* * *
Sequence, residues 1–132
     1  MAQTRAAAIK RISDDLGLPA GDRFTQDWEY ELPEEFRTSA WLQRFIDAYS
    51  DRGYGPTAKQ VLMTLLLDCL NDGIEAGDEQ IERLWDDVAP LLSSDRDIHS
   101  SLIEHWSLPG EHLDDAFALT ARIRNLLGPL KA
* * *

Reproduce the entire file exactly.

Sequence, residues 1–132
     1  MAQTRAAAIK RISDDLGLPA GDRFTQDWEY ELPEEFRTSA WLQRFIDAYS
    51  DRGYGPTAKQ VLMTLLLDCL NDGIEAGDEQ IERLWDDVAP LLSSDRDIHS
   101  SLIEHWSLPG EHLDDAFALT ARIRNLLGPL KA